Quick Reflections On Seeing Instacart From The Early Days

A bit more than a decade ago, when I was just starting Haystack (a $1M “debut” Fund I), I was a venture partner with Bullpen Capital, juggling lots of consulting roles with a variety of VC firms, and recently became a father, all in the span of a few months. With a small fund checkbook in hand, and as an avid user of Instacart and friend of Apoorva’s, I made to overture to him to let me invest. Graciously, he accommodated me, and I recount that history in this post from late 2013.

Since then, Instacart has been on a journey that saw the on-demand delivery wars (Uber, DoorDash, Sprig, etc.), Amazon buying Whole Foods for $14B (!!!), the demand shock of the pandemic shutdowns, post-pandemic re-opening and the subsequent shifts in consumer behavior, the more recent economic downturn that began toward the end of 2021, and the shift in its executive leadership — all while transforming into an ads business. Those are a lot of big swings of the pendulum over the past decade, going all the way back to their humble yet gritty early days in Y Combinator.

I wanted to write this post as a thank you to Apoorva and Max, especially, in addition to the early Instacart team. Without Instacart as an early calling card for me, I’m not sure Haystack would exist today. This investment was that consequential to me. It was about survival for me at that point in time.

By identifying Instacart early and convincing Apoorva to let me invest a bit, that small gesture quickly gave me a small taste of industry cred I’d long wanted but never received. Instacart quickly raised a Series A, then Series B, and then a Series C, all by industry heavyweights. On a more personal level, as years passed and we had twins (now a household of 5), being involved with Instacart enabled us to transition from a month-to-month lifestyle and finally invest in a home and begin to settle the kids down in school. Just as discovering the app during the 2012 Thanksgiving break was a magical fix, so too was being a small part of the ride so we could finally put down roots in the Bay Area as a family.

So for me, the news of Instacart going public as $CART conjures up mostly a mix of painful and joyous memories. I remember how hard it was to crack into the investing game. I remember how much our household used Instacart as a customer while having our first kid and then twins. Friends around the country know of Instacart, which used to surprise me in the early days. In a way, it helped give me a work identity when I didn’t have anything to hold on to career-wise.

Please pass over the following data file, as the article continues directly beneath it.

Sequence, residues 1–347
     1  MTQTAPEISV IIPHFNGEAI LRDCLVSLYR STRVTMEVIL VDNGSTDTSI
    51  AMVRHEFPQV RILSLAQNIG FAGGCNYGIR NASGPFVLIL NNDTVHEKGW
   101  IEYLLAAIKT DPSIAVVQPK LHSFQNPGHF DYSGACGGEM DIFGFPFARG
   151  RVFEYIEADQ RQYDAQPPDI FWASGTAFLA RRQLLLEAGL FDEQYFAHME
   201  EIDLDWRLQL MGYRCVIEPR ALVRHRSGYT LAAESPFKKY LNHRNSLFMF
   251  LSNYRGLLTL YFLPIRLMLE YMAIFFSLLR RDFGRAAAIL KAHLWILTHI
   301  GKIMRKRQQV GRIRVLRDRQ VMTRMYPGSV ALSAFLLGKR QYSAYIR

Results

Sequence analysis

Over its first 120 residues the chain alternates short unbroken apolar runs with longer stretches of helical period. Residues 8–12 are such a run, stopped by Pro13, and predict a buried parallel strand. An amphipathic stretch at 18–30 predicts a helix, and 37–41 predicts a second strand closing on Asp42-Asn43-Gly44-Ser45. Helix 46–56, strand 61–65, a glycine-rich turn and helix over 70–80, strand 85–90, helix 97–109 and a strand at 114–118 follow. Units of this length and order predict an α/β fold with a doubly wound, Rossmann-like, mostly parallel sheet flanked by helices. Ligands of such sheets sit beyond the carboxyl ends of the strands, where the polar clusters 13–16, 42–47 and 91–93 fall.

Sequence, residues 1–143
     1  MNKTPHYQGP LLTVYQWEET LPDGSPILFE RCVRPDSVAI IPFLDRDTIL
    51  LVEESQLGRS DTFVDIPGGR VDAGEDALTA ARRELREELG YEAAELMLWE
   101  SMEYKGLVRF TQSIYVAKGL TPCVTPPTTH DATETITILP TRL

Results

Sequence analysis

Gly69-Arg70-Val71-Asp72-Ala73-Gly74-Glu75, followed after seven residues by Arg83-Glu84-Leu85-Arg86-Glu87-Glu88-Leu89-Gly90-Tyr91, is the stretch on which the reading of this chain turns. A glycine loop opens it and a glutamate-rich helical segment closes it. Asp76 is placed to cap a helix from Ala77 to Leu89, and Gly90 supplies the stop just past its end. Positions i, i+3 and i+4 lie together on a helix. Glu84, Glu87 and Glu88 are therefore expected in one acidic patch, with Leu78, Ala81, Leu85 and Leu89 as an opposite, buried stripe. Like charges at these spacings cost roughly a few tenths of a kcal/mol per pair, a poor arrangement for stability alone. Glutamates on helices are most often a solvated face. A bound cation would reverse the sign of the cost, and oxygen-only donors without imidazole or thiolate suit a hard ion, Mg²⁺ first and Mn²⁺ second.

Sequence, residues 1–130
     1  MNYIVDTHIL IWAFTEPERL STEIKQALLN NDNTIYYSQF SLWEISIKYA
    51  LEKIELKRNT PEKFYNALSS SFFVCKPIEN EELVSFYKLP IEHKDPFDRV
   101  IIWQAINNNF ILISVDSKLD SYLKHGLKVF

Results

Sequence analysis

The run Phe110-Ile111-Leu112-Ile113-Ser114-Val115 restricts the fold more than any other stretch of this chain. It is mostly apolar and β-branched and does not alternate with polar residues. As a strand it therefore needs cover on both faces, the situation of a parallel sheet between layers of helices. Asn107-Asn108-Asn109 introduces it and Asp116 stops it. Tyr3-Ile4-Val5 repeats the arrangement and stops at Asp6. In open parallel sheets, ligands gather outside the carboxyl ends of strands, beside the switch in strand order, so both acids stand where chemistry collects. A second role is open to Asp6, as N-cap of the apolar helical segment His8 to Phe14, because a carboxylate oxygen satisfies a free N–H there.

I know there will be lots of haters, fans, and skeptics chiming in about $CART as it goes public today and has its valuation be subject to the whims and gyrations of hedge fund computer algorithms. There will be fans, like me, who appreciate how difficult a business this is to build; there will be haters, who want to see a company falter; and there will be scores of skeptics who don’t believe a company like Instacart can survive in this new economic climate.

I’ll opt to be a fan.

In drafting this post, I was reminded of my youth. I would often accompany my parents to the grocery store. My dad enjoys packing things – luggage, boxes, and so it happened to be, grocery bags. So I would learn to bag the groceries with him while we were checking out. Fast forward to the present, I still bag my groceries when I’m at my local market preparing for a home-cooked meal. [Yes, I still shop in an actual physical local market when I’m setting up to cook an adult meal.] Oftentimes, the checkout clerk will notice I’m bagging quickly and efficiently and ask me “Do you work for Instacart?” I’ve gotten this question perhaps 50 times, to which I always respond, “Yeah, I used to.”

In closing, I would like to thank the founders and early teams, as well as wish the current team the best of luck on the next decade ahead. Congratulations!